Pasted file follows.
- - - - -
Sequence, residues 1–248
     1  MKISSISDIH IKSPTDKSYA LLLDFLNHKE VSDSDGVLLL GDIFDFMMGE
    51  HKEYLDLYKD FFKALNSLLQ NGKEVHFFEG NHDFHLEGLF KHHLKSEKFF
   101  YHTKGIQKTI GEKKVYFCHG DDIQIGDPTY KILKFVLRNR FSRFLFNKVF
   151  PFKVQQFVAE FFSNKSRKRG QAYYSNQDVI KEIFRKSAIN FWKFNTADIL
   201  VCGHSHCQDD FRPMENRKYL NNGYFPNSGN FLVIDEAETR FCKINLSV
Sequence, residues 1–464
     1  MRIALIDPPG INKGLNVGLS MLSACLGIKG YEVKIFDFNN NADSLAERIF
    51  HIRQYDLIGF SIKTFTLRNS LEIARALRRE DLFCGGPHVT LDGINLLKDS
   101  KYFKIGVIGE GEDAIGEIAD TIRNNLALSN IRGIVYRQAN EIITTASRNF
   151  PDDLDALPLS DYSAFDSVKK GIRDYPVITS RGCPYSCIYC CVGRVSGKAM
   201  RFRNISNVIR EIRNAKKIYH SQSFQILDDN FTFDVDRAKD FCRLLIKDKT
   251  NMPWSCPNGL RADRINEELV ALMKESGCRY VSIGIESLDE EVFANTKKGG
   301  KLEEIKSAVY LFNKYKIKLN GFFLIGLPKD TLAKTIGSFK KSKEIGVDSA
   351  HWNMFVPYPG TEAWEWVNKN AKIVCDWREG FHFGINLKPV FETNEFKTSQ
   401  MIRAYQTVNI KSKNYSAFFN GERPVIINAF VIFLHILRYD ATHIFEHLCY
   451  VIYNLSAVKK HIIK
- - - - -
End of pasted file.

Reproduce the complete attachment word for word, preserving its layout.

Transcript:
Sequence, residues 1–248
     1  MKISSISDIH IKSPTDKSYA LLLDFLNHKE VSDSDGVLLL GDIFDFMMGE
    51  HKEYLDLYKD FFKALNSLLQ NGKEVHFFEG NHDFHLEGLF KHHLKSEKFF
   101  YHTKGIQKTI GEKKVYFCHG DDIQIGDPTY KILKFVLRNR FSRFLFNKVF
   151  PFKVQQFVAE FFSNKSRKRG QAYYSNQDVI KEIFRKSAIN FWKFNTADIL
   201  VCGHSHCQDD FRPMENRKYL NNGYFPNSGN FLVIDEAETR FCKINLSV
Sequence, residues 1–464
     1  MRIALIDPPG INKGLNVGLS MLSACLGIKG YEVKIFDFNN NADSLAERIF
    51  HIRQYDLIGF SIKTFTLRNS LEIARALRRE DLFCGGPHVT LDGINLLKDS
   101  KYFKIGVIGE GEDAIGEIAD TIRNNLALSN IRGIVYRQAN EIITTASRNF
   151  PDDLDALPLS DYSAFDSVKK GIRDYPVITS RGCPYSCIYC CVGRVSGKAM
   201  RFRNISNVIR EIRNAKKIYH SQSFQILDDN FTFDVDRAKD FCRLLIKDKT
   251  NMPWSCPNGL RADRINEELV ALMKESGCRY VSIGIESLDE EVFANTKKGG
   301  KLEEIKSAVY LFNKYKIKLN GFFLIGLPKD TLAKTIGSFK KSKEIGVDSA
   351  HWNMFVPYPG TEAWEWVNKN AKIVCDWREG FHFGINLKPV FETNEFKTSQ
   401  MIRAYQTVNI KSKNYSAFFN GERPVIINAF VIFLHILRYD ATHIFEHLCY
   451  VIYNLSAVKK HIIK